Crowning Ceremony (Eastern Orthodox)
The crowning is the centerpiece of an Eastern Orthodox wedding ceremony. Garland wreaths are often fashioned into ornate crowns as a symbol of glory and honor. Crowns can also be made of orange blossoms, myrtle leaves, or semiprecious stones and metals. Threads of gold and crimson are sometimes used to represent the royalty of marriage. The koumbaros presents the couple with two crowns joined by a white ribbon symbolizing their union. The priest then places the crowns on the couple's heads while they face the altar. The koumbaros swaps the crowns on the couple's heads three times, symbolizing the Holy Trinity. According to ancient custom, the crowns are to stay with the couple for life-some couples are even buried in them.
Garland Exchange (Hindu and Hawaiian)
In both Hindu and Hawaiian ceremonies, the bride and groom exchange garlands of flowers. In Hindu weddings, the bride and groom meet in front of the mandap (wedding platform), where they exchange gifts of flower garlands before stepping onto the platform in a ceremony called Kanya Baran Jaimala. They then wear the garlands around their necks throughout the ceremony. Hawaiian couples exchange leis (the jewels of the ancient Hawaiians) and seal their union by rubbing noses.
Kola Nuts (Nigeria)
In Africa, kola nuts represent healing; giving them to each other (often after the vows) is a symbol of the couple's commitment to work out their differences and support each other through hard times.
Arras (Spanish and Latino)
During Catholic ceremonies in Spain, Panama, and Mexico, the groom presents the bride with thirteen gold coins, known as arras, to represent his ability to support her. The coins are blessed by the priest and passed through the hands of the newlyweds several times, ending with the bride. Want to make the ritual a little more balanced? Consider giving each other coins, to symbolize shared responsibility.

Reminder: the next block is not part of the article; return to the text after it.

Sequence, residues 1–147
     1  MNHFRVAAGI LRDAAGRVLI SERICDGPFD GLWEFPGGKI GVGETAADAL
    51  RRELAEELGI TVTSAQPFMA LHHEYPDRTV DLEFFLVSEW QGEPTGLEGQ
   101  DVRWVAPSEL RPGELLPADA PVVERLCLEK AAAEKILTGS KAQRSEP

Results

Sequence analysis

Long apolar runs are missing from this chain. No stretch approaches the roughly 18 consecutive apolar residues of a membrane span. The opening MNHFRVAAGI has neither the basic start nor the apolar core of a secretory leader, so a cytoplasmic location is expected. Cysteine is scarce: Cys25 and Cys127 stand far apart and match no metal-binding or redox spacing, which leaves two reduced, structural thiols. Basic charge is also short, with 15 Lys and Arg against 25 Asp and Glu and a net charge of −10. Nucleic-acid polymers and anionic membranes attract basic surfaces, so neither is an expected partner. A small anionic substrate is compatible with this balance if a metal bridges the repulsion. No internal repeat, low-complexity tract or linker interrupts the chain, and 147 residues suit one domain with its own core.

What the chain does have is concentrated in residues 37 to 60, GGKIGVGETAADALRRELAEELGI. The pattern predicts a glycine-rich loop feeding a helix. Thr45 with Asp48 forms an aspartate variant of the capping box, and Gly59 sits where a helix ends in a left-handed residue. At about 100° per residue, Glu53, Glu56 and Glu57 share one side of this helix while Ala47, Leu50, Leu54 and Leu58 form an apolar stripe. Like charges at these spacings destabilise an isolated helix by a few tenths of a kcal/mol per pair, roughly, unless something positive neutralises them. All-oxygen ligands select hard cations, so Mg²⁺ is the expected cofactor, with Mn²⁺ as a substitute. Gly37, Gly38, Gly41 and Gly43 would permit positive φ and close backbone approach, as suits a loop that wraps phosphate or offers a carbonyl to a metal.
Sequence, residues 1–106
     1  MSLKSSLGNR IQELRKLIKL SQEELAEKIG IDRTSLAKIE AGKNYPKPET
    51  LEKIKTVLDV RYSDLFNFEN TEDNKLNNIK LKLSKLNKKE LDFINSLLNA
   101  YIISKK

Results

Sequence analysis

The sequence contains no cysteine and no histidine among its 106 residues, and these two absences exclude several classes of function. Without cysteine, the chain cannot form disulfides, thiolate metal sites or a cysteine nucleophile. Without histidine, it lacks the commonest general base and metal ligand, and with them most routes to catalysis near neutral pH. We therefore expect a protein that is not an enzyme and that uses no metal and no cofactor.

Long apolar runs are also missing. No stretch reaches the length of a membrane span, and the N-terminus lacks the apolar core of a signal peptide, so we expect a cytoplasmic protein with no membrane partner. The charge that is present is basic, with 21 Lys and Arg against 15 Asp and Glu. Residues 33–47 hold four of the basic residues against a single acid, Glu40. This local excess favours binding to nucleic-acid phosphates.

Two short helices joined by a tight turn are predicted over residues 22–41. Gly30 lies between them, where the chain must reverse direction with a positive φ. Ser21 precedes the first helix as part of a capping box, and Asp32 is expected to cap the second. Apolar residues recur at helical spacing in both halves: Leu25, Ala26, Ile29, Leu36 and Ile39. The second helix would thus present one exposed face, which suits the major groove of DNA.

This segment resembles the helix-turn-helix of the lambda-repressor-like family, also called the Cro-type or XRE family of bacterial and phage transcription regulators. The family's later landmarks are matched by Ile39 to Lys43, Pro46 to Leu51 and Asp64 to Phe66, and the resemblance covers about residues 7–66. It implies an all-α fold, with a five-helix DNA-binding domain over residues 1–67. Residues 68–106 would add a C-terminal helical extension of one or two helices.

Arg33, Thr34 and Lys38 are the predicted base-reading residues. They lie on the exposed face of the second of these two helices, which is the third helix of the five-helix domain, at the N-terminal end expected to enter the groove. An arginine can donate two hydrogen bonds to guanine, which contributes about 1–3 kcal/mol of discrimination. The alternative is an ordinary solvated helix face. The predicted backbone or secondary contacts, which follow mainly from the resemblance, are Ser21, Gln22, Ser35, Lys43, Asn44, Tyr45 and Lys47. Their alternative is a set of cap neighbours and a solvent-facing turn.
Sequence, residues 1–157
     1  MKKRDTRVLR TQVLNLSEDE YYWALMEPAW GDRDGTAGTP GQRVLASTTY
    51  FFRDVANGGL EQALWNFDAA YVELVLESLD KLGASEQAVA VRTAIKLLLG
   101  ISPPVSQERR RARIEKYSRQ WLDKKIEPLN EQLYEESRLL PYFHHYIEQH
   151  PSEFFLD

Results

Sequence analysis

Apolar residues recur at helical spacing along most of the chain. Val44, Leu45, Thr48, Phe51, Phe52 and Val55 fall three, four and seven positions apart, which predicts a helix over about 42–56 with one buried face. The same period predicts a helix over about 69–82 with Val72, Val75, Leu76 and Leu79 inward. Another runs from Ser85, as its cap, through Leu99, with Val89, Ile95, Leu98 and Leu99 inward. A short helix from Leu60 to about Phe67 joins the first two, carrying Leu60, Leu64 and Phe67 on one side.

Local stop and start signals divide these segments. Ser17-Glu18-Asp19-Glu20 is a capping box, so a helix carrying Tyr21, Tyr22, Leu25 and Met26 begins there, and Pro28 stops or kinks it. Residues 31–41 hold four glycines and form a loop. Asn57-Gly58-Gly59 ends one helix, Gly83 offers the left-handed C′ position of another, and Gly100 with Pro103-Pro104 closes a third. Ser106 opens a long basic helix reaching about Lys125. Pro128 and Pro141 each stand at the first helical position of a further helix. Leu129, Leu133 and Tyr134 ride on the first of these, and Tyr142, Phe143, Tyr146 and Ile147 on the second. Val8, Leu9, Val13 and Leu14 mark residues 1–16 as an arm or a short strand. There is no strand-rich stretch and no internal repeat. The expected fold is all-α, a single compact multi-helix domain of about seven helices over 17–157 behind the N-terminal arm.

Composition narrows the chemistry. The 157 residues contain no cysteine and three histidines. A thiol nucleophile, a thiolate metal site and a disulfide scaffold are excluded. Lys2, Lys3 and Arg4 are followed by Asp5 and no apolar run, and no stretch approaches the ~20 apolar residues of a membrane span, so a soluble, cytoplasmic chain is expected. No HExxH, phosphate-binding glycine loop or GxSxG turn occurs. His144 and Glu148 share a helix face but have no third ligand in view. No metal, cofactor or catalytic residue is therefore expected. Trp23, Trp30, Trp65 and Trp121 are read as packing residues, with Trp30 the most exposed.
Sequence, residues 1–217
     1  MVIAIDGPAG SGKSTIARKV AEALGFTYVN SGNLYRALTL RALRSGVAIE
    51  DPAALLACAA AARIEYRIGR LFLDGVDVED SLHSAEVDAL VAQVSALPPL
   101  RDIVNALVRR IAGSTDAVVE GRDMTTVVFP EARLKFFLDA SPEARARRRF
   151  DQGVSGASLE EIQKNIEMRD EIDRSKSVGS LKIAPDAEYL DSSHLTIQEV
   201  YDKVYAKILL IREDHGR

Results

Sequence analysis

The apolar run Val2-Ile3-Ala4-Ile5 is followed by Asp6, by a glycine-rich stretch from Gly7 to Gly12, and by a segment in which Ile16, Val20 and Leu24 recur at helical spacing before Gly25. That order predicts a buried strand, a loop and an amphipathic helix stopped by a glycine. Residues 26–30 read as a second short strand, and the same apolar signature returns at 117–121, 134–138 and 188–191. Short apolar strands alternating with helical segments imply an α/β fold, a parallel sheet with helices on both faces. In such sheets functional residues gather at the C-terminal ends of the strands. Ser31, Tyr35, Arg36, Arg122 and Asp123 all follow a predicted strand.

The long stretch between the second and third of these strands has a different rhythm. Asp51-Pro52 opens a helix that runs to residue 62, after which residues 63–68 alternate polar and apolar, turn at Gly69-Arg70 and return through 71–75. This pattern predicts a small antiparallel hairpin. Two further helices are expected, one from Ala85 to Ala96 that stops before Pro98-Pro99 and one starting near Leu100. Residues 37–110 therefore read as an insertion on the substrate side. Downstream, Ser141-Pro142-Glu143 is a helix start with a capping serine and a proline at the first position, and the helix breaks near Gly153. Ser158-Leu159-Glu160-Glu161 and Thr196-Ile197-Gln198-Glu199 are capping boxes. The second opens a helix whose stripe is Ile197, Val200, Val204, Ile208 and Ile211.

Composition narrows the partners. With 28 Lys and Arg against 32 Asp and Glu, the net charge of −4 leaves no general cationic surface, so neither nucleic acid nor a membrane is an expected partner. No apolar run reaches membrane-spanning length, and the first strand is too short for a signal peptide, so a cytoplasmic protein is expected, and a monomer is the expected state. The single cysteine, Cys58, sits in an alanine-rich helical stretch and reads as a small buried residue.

Included in the marriage contract is a meher, a formal statement specifying the monetary amount the groom will present to the bride. It is traditonally considered the bride's security and guarantee of freedom within the marriage. There are two parts to the meher: a "prompt," due before the marriage is consummated, and a deferred amount, given to the bride throughout her life. Today, many couples use the ring as the prompt,since the groom presents it during the ceremony; the deferred amount can be a small sum offered as a formality, or it can actually be a gift of money, land, jewelry, or even an education. The gift remains the bride's to use as she pleases.
Rose Ceremony (Nondenominational)
This modern ritual incorporates one of the most beloved symbols of romantic love-the rose. A white one is used in honor of the wedding day.
GROOM (handing bride the rose):
"_______, take this rose as a symbol of my love.
It began as a tiny bud and blossomed,
just as my love for you has grown and blossomed."
BRIDE (placing rose into a bud vase filled with water)
:_________I take this rose, a symbol of your love,
and I place it into water, a symbol of life.
For,just as this rose cannot survive without water,
I cannot survive without you.
In remembrance of this day,
I will give you a white rose each year on our anniversary,
as a reaffirmation of my love and the vows spoken here today.
And I will refill this vase with water each year, ready to receive your gift,
in reaffirmation of my love and the vows spoken here today.
[At this time the couple may join hands around the vase to exchange their vows; or, this ritual can be done separately, after the vows have been spoken and rings have been exchanged.]